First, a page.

March 16, 2014

My First WordPress Plug-in – Affiliate Link Labeler

In my never ending quest to learn about the business of blogging I recently stumbled onto FTCs rules for .com disclosure. I had previously setup a disclosure page, and often mentioned the types of revenue from my blog (namely Adsense and Amazon Affiliate links), but I realized I could do better.

The basic premise from the FTC’s release is that any visitor should know a link is sponsored, before viewing said link, regardless of what device they’re on.

With roughly 300 posts I didn’t relish the idea of labeling every post or link by hand. Manual processes like these are prone with errors, and I was sure to make one. A better solution was a plug-in to automate the process. Since I only use one affiliate program, it’s a pretty simple to automatically parse my blog posts looking for affiliate links. Alas, the only affiliate plug-ins I found were designed to cloak (i.e. hide) the fact that a link was an affiliate link – the exact opposite of what I wanted to do! I finally had an excuse to write my own plug-in.

Writing the plug-in ended up being easier than I thought it would. The harder question was coming up with a labeling scheme I liked. I didn’t want anything to interrupt the prose of the post. I decided to go with an “affiliate link” title to all affiliate links’ <a> tags. Now when you hover your an affiliate link, you see a little pop box that properly identifies the link. I’ve seen this method used before, namely by I’ve verified the title also appears on my blog posts in, and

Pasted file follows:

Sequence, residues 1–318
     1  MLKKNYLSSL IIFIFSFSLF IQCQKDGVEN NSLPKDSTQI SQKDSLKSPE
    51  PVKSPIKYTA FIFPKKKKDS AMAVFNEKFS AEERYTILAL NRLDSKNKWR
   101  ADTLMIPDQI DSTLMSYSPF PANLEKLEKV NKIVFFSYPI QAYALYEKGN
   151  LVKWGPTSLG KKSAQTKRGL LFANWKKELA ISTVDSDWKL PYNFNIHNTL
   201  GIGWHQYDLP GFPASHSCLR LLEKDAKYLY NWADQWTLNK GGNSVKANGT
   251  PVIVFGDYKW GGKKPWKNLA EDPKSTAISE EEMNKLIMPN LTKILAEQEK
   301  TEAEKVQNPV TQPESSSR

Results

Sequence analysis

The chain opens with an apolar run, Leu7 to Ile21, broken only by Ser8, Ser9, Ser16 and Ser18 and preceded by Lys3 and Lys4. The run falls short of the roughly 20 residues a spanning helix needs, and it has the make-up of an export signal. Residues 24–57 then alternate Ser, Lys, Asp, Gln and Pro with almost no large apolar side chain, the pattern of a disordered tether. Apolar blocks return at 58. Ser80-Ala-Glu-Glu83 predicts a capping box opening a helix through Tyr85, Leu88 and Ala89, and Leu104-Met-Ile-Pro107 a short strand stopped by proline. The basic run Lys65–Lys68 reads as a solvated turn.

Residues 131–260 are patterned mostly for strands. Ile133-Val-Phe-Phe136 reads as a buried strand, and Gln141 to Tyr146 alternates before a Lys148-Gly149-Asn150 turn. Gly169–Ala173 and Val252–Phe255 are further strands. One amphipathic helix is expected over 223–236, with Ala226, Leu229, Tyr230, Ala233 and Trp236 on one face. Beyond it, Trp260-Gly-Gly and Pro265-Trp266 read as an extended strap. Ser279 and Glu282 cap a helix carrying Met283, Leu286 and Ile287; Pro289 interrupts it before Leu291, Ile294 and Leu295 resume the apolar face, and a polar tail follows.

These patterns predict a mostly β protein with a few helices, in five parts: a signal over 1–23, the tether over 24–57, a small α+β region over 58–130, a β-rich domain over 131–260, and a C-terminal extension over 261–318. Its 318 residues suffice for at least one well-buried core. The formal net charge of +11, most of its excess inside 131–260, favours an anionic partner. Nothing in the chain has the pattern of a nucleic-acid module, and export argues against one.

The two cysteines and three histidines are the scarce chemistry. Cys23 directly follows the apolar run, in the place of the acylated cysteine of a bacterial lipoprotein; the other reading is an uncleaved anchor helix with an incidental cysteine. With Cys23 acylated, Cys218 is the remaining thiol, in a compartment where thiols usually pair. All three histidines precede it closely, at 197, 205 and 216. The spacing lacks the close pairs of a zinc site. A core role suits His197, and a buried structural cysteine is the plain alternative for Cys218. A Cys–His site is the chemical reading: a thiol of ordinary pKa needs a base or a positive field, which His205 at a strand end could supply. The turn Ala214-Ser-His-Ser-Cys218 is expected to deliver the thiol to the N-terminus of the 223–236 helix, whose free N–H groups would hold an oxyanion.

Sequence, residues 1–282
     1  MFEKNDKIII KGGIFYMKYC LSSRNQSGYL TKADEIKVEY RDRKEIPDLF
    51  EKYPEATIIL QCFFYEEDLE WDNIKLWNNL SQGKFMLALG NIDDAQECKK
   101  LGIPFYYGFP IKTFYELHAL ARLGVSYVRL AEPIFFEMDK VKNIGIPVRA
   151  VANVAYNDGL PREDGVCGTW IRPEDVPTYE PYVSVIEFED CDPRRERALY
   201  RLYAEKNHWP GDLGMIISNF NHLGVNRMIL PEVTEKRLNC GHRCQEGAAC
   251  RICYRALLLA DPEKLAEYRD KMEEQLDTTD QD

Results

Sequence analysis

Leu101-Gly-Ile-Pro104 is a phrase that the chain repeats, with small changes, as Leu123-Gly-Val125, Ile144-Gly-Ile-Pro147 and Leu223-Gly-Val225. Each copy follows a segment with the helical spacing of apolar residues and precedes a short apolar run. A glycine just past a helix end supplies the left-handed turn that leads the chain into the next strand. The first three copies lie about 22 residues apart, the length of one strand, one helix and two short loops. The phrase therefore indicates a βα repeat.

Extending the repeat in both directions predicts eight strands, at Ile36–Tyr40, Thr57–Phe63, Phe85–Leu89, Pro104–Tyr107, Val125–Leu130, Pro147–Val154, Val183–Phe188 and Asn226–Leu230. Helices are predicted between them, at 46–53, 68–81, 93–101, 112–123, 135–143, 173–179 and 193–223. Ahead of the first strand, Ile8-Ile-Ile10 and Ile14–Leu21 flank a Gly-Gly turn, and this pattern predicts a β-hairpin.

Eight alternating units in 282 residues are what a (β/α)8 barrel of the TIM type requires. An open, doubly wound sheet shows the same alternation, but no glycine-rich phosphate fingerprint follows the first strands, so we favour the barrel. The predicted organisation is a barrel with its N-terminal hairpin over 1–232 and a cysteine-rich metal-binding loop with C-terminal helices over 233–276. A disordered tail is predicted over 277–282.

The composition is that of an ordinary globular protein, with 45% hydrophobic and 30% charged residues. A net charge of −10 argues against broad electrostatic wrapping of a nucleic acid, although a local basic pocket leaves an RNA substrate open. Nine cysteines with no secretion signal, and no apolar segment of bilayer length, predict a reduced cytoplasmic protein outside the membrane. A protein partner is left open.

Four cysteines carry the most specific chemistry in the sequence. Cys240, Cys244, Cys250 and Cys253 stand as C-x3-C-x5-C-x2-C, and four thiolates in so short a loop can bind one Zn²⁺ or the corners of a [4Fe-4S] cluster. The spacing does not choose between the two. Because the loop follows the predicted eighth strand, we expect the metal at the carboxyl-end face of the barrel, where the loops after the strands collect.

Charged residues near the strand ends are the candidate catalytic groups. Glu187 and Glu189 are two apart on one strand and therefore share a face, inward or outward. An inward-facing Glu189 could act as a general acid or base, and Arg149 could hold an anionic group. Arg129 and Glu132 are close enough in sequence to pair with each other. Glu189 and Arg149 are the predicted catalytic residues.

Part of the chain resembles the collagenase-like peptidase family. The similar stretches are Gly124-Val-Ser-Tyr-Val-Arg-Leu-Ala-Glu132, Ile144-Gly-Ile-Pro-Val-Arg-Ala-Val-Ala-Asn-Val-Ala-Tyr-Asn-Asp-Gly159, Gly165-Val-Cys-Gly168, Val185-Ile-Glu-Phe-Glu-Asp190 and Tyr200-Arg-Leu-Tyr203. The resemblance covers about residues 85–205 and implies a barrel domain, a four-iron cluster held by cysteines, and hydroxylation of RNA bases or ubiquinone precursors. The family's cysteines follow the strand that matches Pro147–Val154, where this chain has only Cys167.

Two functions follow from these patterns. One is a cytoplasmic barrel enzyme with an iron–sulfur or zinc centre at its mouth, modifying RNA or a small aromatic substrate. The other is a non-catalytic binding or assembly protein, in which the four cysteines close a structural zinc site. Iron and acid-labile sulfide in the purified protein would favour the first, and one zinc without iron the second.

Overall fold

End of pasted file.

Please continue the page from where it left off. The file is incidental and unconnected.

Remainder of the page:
There is just one problem.

The devices used to view my blog in 2013

Over half of my web traffic is coming from a mobile device or a tablet and there is no concept of “hover” on such devices. Affiliate links are still unlabeled on these devices. Since I wanted to minimize the time I was not compliant with the FTC, I decided to bite the bullet and add a disclaimer to the top of each blog post using my plug-in. I hope to come up with another solution in the future.

Side note: Apparently there’s a belief out there that search engines will demote pages with affiliate links, hence the prevalence of affiliate link cloakers. While I have no first hand knowledge of the truth of this, it feels like an old wives tale to me. In fact, cloaking is probably counter productive. It’s trivial for a computer program to find where a cloaked link leads. If there’s one thing I’ve read about SEO time and time again, it’s engaging in deceptive practices, like cloaking, will eventually negatively impact your ranking.

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